Post-its from Practice:
Double check for dual diagnosis: Don't forget mental health in people who drink (Mar 2012)
A very upset colleague of mine called Ruth, was in my room saying, "What have I done? How could this have happened, I did all they told me to do? I hope John will be OK!" I got her to sit down and tell me what was going on. It turned out that she had sent John; a patient of hers to see the psychiatrist to get an opinion, as he was getting more depressed and had marked suicidal ideation.
John was 56 years old, single, had worked all his life in the building trade and had drunk between 60-100units/week for most of the past 30 years. He had detoxed on a number of occasions, but had not "felt right" when he wasn't drinking. He had been helped by fluoxetine for the past 3 years but his mood had deteriorated after the death of his mother several months ago, and Ruth explained to me that, she was reluctant to change his anti-depressants without specialist advice. She had also wanted psychological support for John, but the local community IAPT service will not see people with drug or alcohol problems, so she could only access counseling for John through the mental health services.
Ruth recalled that it had taken a few weeks to get John assessed by a psychiatrist, who then said it was a) impossible to "help" him until he stopped drinking and b) anyhow his depression would probably go away if he stopped drinking. Although both John and Ruth were anxious about this course of action, they were both keen to get help and so agreed. John was lucky (sic) and got a place in detox quickly, due to a cancellation. Physically he coped well, but his mood got worse. On completion he was discharged back into the community.
When I spoke to Ruth last week, John had been discharged from detox for just four days. She had just been rung by the local hospital to say he had been admitted the previous night after trying to hang himself and he was now going to be transferred under section to the psychiatric unit.
Ruth and I discussed what other approaches could have been used. She felt she had failed him and I first reassured her that she had acted well. She had treated John properly and had worked to her level of competence and confidence, with compassion. She had asked for help when she needed it - and for me this was when the mistakes started happening. Firstly, for it to take weeks to get an appointment for someone that the GP is worried about because they are suicidal and then to say they can't offer anything until the patient stops drinking, I feel is simply wrong, and it seems as if this is based on opinion rather than evidence.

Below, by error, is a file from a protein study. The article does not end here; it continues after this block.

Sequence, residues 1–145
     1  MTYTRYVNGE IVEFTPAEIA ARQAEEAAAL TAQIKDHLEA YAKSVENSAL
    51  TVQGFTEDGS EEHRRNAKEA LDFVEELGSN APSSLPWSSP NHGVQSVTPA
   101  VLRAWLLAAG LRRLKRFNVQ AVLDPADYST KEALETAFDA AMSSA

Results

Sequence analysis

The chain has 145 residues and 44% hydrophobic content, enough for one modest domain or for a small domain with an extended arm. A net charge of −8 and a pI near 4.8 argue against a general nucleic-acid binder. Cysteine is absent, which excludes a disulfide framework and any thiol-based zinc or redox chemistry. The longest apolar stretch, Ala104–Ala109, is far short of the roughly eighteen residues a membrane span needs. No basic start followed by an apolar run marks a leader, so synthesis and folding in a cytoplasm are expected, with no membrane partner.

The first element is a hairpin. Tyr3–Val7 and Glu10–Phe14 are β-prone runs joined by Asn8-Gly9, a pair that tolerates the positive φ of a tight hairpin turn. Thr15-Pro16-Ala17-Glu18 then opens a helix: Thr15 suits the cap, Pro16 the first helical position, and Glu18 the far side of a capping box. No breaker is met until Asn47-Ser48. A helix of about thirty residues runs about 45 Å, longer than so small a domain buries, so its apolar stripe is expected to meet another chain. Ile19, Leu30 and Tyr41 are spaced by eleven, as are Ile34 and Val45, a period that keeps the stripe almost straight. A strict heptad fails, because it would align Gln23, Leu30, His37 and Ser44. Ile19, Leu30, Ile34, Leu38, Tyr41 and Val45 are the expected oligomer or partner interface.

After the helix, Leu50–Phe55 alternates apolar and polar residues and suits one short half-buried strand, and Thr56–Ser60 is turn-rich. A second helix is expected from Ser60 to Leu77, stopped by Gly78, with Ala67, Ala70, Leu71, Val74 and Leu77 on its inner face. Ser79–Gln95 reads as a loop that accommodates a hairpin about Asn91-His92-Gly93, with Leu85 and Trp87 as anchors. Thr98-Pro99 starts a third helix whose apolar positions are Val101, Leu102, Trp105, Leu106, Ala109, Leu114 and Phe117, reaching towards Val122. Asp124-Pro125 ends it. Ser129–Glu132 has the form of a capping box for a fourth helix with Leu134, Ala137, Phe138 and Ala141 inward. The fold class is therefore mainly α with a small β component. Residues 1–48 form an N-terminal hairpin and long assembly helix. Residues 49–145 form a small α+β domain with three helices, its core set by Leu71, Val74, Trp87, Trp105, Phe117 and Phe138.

We know that psychiatric illness can precipitate, as well as worsen; drug and/or alcohol problems and drug and/or alcohol use can lead to psychiatric symptoms. Over the last 20 years we have recognised higher levels of dual diagnosis and there is now strong research evidence that shows the rate of substance misuse is substantially higher in the mentally ill than in the general population, ranging from 35% to 60%. These rates are even higher in in-patient and emergency settings.
Also, nearly 75% of Drug Treatment Population and over 85% of the Alcohol Treatment Population were found to have mental health problems; mostly depression and anxiety disorders as well as psychosis.
As drug and/or alcohol use is therefore usual rather than exceptional in the mentally ill, the provision for dual diagnosis should be central to mental health care and the drug and alcohol interventions required by this group should be integrated or "mainstreamed" into mental health services, and not dismissed as this psychiatrist seemed to do.
We will never know what would have happened if John had been given bereavement counselling, a change of antidepressant and on-going help from the mental health services after his primary assessment, but I suspect he would be in a better state than he is now. And don't forget, even if linked to payment, never to force people into a detox they don't feel they can do, always be aware of patients' underlying mental health when they undertake one by choice, and be ready for a problem that may emerge when reducing.